Weird Science
Researchers have solved the mystery of how bare-nosed wombats, native to southeastern Australia, produce poop in cubes, reports the International Business Times. Wildlife ecologist Scott Carver of the University of Tasmania is lead author on a study, published Jan. 28 in the journal Soft Matter, that details the particular inner workings of the wombat's digestive tract that produce the square-shaped dung. "This ability ... is unique in the animal kingdom," Carver said. "Our research found that ... you really can fit a square peg through a round hole."

Oh, That Old Thing?
Italian police arrested an unnamed 36-year-old in Naples on Jan. 16 on suspicion of receiving stolen goods and found a 500-year-old copy of Leonardo da Vinci's "Salvatore Mundi," a painting they returned to the museum it belonged to, surprising museum officials, who had no idea it had been missing. The painting is part of the Doma Museum collection at the San Domenico Maggiore church in Naples, where the room it had hung in "has not been open for three months," Naples prosecutor Giovanni Melillo told The Guardian. The copy was made by Giacomo Alibrandi in the early 1500s; da Vinci's original painting sold in 2017 for a record-breaking $450 million at auction and hasn't been seen in public since.

Authorities in Essex County, England, received a tip on Jan. 16 and arrived at the Freemasons' Saxon Hall expecting to put an end to the illegal "rave" reported to be happening there, but instead of loud music and wild teenagers, officers found old people lining up to get their COVID-19 vaccines, Echo News reported. "Grumpy old men and grumpy old women were in abundance," confirmed Dennis Baum, chairman of the hall, with "wheelchairs, Zimmer frames and walking sticks." Baum said things got testy when the vaccine was late arriving: "It was absolute chaos ... The car park became chockablock with 80-year-old-plus drivers." Police remained to offer their assistance with the traffic.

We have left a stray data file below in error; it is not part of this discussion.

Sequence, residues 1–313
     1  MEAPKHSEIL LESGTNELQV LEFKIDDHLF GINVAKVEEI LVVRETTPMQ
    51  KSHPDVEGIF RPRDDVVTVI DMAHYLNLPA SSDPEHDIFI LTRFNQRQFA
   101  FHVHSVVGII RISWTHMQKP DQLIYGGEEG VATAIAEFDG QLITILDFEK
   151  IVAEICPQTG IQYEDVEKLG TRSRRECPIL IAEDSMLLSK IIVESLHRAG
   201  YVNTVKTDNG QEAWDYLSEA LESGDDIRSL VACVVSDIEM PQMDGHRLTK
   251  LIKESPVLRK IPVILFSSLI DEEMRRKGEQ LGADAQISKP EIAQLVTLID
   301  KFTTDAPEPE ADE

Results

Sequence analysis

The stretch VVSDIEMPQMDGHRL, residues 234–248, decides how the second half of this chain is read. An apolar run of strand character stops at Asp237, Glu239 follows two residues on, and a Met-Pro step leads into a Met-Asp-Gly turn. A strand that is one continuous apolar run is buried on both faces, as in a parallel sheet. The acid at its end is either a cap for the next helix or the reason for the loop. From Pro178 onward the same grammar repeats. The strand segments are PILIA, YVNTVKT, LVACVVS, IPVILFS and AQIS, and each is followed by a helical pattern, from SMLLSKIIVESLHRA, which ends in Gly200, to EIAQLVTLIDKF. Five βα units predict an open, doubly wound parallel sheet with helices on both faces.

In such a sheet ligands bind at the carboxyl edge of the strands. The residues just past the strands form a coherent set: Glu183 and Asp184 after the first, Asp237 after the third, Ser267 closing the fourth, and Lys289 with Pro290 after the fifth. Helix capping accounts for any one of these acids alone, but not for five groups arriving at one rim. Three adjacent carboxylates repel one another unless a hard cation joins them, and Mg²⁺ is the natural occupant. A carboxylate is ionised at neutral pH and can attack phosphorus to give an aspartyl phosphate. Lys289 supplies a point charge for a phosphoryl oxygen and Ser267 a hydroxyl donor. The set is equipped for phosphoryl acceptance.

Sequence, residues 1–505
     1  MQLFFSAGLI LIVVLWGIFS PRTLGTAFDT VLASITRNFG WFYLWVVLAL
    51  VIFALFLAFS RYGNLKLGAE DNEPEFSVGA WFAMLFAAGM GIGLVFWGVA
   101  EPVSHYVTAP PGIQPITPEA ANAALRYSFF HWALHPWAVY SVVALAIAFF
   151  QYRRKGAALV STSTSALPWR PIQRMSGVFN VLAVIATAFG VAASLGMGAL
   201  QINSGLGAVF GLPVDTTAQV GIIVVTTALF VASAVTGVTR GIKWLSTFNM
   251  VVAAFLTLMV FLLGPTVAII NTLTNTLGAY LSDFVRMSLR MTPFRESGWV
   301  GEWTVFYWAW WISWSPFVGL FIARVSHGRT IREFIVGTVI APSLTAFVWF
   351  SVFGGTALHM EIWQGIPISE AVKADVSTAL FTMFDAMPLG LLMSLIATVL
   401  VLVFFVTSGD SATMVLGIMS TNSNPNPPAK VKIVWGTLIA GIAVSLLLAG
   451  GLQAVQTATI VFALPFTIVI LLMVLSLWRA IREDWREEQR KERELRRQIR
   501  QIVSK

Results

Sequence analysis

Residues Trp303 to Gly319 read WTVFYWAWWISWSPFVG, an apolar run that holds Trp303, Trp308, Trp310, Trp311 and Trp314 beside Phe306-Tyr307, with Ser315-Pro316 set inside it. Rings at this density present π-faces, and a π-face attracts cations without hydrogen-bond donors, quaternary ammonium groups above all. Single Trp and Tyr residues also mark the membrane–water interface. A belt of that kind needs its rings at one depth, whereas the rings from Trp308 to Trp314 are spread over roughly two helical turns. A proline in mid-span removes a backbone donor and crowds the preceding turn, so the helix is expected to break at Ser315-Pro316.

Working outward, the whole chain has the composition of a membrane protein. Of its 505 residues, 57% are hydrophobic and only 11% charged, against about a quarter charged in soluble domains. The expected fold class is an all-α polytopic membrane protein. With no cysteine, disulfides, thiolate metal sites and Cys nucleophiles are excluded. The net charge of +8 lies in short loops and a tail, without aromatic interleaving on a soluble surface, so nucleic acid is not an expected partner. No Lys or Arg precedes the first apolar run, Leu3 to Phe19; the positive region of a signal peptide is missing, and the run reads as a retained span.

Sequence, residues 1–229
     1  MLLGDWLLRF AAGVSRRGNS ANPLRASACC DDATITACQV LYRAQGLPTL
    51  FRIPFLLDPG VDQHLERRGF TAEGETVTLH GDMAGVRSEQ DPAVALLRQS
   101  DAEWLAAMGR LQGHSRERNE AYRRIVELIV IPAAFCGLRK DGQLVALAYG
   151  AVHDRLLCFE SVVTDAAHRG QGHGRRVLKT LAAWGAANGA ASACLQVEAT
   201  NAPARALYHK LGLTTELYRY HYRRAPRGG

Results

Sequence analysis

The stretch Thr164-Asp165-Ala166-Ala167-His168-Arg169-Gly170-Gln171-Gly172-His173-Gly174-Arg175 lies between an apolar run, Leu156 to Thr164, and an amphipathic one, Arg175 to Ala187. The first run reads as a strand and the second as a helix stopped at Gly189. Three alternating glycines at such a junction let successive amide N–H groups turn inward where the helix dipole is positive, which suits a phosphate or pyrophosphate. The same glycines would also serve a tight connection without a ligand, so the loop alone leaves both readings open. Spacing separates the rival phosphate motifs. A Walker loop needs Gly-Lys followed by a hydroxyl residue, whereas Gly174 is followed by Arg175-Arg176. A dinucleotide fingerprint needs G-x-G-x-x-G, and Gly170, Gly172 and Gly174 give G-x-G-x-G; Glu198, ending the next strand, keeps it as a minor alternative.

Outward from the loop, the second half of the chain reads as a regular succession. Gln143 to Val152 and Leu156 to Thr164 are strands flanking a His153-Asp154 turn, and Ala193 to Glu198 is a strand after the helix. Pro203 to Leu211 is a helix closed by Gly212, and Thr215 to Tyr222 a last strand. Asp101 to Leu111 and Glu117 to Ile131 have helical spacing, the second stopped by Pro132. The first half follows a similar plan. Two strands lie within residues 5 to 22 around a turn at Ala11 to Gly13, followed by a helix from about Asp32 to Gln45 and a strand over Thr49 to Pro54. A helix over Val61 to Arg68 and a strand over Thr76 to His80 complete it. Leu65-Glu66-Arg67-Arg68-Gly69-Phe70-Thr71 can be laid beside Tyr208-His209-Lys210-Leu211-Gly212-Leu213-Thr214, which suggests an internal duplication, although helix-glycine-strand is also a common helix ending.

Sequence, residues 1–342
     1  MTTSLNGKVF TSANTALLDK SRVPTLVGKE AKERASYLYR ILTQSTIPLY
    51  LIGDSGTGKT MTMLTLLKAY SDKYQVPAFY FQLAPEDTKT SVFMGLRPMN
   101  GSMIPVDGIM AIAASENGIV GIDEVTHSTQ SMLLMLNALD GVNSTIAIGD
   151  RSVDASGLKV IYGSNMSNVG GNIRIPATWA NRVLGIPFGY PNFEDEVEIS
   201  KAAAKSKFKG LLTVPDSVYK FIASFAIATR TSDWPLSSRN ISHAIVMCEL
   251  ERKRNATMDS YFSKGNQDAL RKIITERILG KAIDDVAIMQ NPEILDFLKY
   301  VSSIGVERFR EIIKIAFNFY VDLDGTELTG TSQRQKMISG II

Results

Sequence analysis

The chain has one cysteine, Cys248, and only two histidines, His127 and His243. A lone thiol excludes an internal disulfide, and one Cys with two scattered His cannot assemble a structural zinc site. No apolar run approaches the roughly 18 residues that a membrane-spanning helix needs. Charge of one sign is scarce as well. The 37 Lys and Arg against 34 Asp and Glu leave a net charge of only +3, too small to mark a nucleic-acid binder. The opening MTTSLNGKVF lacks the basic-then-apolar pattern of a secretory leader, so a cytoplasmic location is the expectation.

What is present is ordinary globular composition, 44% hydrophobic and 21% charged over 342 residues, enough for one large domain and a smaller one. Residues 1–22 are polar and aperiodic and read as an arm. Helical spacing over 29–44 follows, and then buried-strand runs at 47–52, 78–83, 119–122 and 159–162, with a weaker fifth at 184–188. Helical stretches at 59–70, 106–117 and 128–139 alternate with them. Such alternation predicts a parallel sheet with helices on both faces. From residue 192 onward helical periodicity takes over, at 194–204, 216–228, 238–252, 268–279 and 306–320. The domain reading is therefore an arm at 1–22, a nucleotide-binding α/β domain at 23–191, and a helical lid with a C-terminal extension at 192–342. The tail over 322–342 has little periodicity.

Government in Action
Watertown, Massachusetts, recently installed new parking meters with updated technology to make payment easier, but the city is instead fielding complaints from residents who say the meters are too tall to use. "I'm 5'7," and I have to do a little tiptoe reach," Marianne Iagco told WBZ-TV, which reported Feb. 2 that the meters measure about 5 feet 6 inches high. Assistant Town Manager Steve Magoon said public works employees will be lowering the meters to 48 inches in the weeks to come. "It's actually sort of refreshing to have a problem of slightly shorter stature than unemployment, COVID-19, no food and no money," commented optimistic resident Ken Pershing.

Lost and Found
Retired Navy meteorologist Paul Grisham, 91, of San Carlos, California, was reunited on Jan. 30 with the leather wallet he lost 53 years ago when his 13-month tour in Antactica ended and he returned home without it. The wallet had been found behind a locker during renovations at McMurdo Station and made its way back to him through the weeks-long efforts of a group of amateur detectives working to track him down. "I was just blown away," Grisham told The San Diego Union-Tribune. The billfold still contained Grisham's Navy ID, driver's license and an assortment of other items, including a recipe for homemade Kahlua, money order receipts from his poker winnings and a set of instructions on what to do in case of an attack. It did not contain any money because there had been nothing to buy at the station.